3d Cross TattoosSource:- Google.com.pk
Man Sentenced for Giving Girl Tattoo
A Tarzana man was sentenced to six months in jail Friday at Van Nuys Municipal Court for giving a 16-year-old girl a permanent tattoo he told her would wash off, authorities said.
Edward Flores, 27, received the maximum sentence that could be imposed under a law prohibiting the tattooing of anyone under the age of 18, said Los Angeles City Atty. Jim Hahn.
Flores tattooed a rose measuring 2 1/4 by 5 inches on the girl's upper right arm. He pleaded guilty to the charge.
The incident occurred at a New Year's Eve party last year, when Flores was giving several other people washable tattoos, officials said.
The girl's mother discovered the tattoo a few days later and took her to the Los Angeles Police Department's West Valley station to complain.
Today is April Fool's day. Keep that in mind before worrying about a YouTube shutdown or run out to buy the new "Google Nose." Naturally, tattoos have not escaped the madcapness.
In Australia, heavily tattooed rugby hottie Sandor Earl got club sponsor Huawei's logo on his right thigh, or that's what some thought, considering his extensive collection. The news made Twitter go atwitter, but then we all just became transfixed staring at his thighs and nothing else mattered in the world.
My favorite tattoo April Fool was the moodINQ: Programmable Tattoo System by ThinkGeek -- a scientific breakthrough in tattoo ink that lets you change your tattoos to fit your mood. If you read the comments to the April Fool post, you'll see that most people were more concerned with my repeated use of the word "tats" (also a joke), than the lack of commitment.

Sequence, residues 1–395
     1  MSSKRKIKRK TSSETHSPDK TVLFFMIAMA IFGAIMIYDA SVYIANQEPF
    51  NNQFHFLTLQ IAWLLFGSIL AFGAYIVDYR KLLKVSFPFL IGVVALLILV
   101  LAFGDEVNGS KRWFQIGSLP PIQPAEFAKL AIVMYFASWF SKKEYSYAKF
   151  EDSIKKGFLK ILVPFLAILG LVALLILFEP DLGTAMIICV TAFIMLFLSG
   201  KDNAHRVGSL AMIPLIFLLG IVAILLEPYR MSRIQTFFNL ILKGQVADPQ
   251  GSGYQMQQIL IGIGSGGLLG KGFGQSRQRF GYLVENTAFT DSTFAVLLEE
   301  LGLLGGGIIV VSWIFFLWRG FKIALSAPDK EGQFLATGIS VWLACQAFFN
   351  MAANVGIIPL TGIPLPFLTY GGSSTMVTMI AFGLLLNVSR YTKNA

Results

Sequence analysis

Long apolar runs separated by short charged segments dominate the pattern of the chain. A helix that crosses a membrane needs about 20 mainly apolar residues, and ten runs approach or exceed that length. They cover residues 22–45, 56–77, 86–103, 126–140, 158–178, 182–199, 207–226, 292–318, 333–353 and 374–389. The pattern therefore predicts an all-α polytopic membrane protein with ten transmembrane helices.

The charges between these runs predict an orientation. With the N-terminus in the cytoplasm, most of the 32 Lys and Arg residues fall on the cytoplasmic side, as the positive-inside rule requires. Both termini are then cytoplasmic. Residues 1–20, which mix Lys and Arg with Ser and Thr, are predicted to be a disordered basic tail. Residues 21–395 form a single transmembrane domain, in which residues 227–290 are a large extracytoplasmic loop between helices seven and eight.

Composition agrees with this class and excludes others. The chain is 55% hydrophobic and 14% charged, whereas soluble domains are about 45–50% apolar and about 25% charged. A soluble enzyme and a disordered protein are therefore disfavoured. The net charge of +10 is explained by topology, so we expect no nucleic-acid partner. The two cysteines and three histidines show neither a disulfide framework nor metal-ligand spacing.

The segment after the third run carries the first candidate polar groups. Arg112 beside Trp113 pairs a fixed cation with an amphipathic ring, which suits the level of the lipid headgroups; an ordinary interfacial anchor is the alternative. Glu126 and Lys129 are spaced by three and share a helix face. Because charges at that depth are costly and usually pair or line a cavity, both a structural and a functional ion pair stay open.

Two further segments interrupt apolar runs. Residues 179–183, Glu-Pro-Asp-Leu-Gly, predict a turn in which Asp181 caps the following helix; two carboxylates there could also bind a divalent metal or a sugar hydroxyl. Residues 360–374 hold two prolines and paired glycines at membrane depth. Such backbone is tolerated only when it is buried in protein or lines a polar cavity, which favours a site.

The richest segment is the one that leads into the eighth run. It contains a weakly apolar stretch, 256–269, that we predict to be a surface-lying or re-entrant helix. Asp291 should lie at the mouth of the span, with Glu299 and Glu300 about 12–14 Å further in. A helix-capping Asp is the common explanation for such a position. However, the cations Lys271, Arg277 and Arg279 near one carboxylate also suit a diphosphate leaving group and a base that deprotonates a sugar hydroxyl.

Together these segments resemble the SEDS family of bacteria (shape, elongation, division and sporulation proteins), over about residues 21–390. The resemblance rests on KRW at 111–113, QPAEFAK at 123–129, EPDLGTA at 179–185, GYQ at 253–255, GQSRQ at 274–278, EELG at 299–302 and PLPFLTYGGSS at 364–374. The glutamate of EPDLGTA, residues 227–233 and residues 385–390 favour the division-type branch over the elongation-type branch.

And there have been a host of others: the Tattoos4Toddlers hoax in 2003 -- a supposed tattoo shop created for kids -- got people's diapers in a bunch before they realized that some "wacky DJs" had concocted it for their morning show.
Even National Public Radio got in on the action in 1994, on their All Things Considered show, and reported that teenagers who got the logos of companies, like Pepsi, tattooed on their bodies would receive a lifetime 10% discount on that company's products.
There's been some buzz over the break-up between Skin & Ink magazine and its long-time editor Bob Baxter--who now has his own tattoo blog. Ignoring the gossip and focusing on the content, it seems Bob has rallied his old team of writers and photographers to contribute to his new site. Yesterday, he featured a profile of one of my favorite artists by one of my favorite writers:
Check out Lars Krutak's Colin Dale and the "Forbidden Tattoo."
The article discusses Colin's signature Neo-Nordic tattoo style and intricate dotwork, his hand-poked techniques and skin-stitching (as seen above), and his new studio Skin & Bone in Copenhagen, Denmark. [The article was written before the studio officially opened. Today it is thriving with art exhibits and guests artists as well as Colin's own stellar tattooing.]
The central focus of the article, however, is how Colin fulfilled the wish of Julia Machindano by giving her the facial tattoo worn by her Makonde ancestors called the dinembo. Lars offers more on the history behind these tattoos:
Traditionally, Makonde men and women received facial tattoos at puberty and before marriage. Often times these designs consisted of a series of stacked chevrons called lichumba or "deep angles." Incisions were made with a knife-like iron instrument called a chipopo and vegetable carbon from the castor bean plant was rubbed into the incisions, producing a dark blue color. When the extremely painful facial tattooing was executed, boys and girls were sometimes buried up to their necks in the earth so that they would not flinch as the tattooist cut open their living flesh. For the Makonde, facial tattoos were not only symbols of great courage; they were also the truest expressions of Makonde tribal identity itself.